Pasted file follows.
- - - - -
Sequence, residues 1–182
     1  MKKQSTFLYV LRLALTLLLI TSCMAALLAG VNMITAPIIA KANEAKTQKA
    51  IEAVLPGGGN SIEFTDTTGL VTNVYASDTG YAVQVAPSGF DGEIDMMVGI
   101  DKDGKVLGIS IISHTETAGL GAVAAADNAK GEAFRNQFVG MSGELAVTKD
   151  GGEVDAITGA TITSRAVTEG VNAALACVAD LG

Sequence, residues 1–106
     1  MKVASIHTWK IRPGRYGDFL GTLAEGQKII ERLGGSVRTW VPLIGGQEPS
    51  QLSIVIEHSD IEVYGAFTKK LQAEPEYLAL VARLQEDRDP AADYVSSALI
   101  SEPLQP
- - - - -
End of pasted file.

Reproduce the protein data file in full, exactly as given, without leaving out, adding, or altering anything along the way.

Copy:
Sequence, residues 1–182
     1  MKKQSTFLYV LRLALTLLLI TSCMAALLAG VNMITAPIIA KANEAKTQKA
    51  IEAVLPGGGN SIEFTDTTGL VTNVYASDTG YAVQVAPSGF DGEIDMMVGI
   101  DKDGKVLGIS IISHTETAGL GAVAAADNAK GEAFRNQFVG MSGELAVTKD
   151  GGEVDAITGA TITSRAVTEG VNAALACVAD LG

Sequence, residues 1–106
     1  MKVASIHTWK IRPGRYGDFL GTLAEGQKII ERLGGSVRTW VPLIGGQEPS
    51  QLSIVIEHSD IEVYGAFTKK LQAEPEYLAL VARLQEDRDP AADYVSSALI
   101  SEPLQP